The Charity Commission recently published a case report relating to the use of land by a charity in breach of its objects.
Oxley Park (the 'Charity') was set up almost one hundred years ago, with the objects to provide an open space for outdoor recreation. The local Council, a corporate trustee of the Charity, held land on trust for the Charity. Most of the land had been used as a park, in line with the Charity's objects, but a part of the land had a leisure centre built on it, and was therefore being used in breach of trust.
The Council decided to close the leisure centre. A new charity was set up by a group of local residents so that they can lease the leisure centre from the Council and keep it open. However, as the leisure centre was situated on a land that was being used in breach of trust, the Council was unable to grant a lease without first the Charity Commission granting a scheme – a legal document providing permission to broaden the objects of the Charity.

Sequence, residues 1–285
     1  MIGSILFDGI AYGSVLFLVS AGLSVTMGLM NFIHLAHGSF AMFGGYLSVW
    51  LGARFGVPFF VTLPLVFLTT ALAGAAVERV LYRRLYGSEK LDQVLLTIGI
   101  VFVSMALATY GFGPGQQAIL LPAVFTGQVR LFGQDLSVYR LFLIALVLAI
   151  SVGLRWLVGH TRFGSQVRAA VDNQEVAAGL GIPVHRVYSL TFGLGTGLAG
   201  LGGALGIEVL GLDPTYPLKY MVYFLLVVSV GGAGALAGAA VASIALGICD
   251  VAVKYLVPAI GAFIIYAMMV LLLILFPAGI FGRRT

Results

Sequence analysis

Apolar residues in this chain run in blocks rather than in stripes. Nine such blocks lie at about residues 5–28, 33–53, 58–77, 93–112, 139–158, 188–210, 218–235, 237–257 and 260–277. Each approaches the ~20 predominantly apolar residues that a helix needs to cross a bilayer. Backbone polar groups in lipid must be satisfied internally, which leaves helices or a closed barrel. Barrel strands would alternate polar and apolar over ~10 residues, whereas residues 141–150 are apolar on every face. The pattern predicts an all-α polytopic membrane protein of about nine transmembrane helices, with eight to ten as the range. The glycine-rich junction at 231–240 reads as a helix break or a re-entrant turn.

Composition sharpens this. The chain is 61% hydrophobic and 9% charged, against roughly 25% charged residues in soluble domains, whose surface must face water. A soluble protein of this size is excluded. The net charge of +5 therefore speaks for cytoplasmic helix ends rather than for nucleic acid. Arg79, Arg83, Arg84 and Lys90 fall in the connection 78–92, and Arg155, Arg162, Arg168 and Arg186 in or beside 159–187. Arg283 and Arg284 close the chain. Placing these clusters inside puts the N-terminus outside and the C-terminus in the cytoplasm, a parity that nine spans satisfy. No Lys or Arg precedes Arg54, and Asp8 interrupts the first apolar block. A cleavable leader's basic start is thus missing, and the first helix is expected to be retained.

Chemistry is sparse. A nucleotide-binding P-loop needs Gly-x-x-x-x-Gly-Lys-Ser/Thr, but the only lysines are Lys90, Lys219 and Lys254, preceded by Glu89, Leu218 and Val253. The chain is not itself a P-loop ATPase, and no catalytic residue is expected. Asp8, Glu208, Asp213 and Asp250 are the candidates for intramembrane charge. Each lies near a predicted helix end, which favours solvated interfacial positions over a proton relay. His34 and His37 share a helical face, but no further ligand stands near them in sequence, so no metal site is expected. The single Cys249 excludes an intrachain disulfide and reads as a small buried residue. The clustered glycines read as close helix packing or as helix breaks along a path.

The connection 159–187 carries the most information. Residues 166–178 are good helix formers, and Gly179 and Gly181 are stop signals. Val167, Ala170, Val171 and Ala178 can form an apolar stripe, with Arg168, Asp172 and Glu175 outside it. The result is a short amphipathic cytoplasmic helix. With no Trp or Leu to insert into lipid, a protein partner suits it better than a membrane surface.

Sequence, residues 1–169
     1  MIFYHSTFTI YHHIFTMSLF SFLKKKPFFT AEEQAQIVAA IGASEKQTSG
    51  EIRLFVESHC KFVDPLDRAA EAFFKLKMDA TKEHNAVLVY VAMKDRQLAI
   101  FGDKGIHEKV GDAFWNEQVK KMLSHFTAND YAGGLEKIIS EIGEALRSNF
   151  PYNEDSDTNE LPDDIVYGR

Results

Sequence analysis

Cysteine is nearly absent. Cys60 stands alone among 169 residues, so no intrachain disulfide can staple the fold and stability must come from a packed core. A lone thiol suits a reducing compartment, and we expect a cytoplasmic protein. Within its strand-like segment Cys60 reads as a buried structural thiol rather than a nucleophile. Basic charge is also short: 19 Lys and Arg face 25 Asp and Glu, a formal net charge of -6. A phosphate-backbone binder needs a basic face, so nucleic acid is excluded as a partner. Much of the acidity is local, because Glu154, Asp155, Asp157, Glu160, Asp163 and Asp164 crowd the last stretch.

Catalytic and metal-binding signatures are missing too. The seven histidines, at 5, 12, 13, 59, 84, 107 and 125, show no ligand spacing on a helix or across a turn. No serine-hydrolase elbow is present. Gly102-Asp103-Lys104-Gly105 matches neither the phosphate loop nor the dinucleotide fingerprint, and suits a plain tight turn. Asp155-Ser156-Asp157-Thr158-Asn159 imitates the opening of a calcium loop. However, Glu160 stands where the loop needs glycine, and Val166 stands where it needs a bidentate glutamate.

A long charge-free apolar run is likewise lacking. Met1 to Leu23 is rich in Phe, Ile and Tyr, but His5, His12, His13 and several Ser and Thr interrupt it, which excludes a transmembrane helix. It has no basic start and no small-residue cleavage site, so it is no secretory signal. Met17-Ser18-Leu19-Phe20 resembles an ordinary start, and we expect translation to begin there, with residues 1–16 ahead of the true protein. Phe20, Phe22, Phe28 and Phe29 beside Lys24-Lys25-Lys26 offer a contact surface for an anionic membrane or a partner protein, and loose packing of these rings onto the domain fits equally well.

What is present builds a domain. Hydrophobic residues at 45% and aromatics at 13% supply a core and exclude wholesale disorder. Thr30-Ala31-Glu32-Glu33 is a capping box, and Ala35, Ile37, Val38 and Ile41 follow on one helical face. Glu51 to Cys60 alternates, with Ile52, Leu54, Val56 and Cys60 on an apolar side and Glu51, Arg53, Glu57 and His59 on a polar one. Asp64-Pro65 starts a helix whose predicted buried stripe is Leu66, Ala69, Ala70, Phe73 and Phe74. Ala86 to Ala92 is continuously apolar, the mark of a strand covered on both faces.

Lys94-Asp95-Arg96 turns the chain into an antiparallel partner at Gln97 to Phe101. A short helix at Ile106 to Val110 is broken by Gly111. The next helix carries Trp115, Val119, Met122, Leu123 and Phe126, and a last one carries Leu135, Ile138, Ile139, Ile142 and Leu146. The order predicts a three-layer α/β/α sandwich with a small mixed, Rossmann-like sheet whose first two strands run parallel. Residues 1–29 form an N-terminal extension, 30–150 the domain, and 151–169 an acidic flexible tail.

Following the application, the Charity Commission conducted an investigation into the use of the Charity's land and found that the Charity was still fulfilling its original purpose through the park, and there was local support for the leisure centre to remain open. As a result, the Charity Commission agreed to widen the objects of the Charity to allow the piece of land to be used for indoor as well as outdoor recreation. This in turn allowed the Charity to grant a lease to the new charity which had been set up by the local residents.
This case report highlights the importance of the trustees knowing whether a land held by a charity is designated for a particular purpose and if it is, then ensuring that such purpose(s) are fulfilled.
Further, it is worth noting that whilst the Charity Commission was able to take a pragmatic approach and find a solution that suited the circumstances in this case, breaches of trust can often have very serious regulatory consequences for charities and their trustees.